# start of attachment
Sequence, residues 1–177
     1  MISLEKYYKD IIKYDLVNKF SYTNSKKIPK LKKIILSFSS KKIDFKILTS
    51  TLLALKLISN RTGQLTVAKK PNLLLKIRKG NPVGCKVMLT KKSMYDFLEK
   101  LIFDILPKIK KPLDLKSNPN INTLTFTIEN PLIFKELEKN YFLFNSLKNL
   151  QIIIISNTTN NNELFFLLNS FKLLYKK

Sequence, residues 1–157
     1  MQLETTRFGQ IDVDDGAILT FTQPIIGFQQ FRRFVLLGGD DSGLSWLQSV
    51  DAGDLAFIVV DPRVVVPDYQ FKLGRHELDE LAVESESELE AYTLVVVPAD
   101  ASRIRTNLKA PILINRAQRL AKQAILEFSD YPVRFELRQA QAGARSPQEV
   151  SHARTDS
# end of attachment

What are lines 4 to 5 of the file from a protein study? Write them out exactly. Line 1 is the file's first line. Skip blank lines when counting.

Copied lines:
   101  LIFDILPKIK KPLDLKSNPN INTLTFTIEN PLIFKELEKN YFLFNSLKNL
   151  QIIIISNTTN NNELFFLLNS FKLLYKK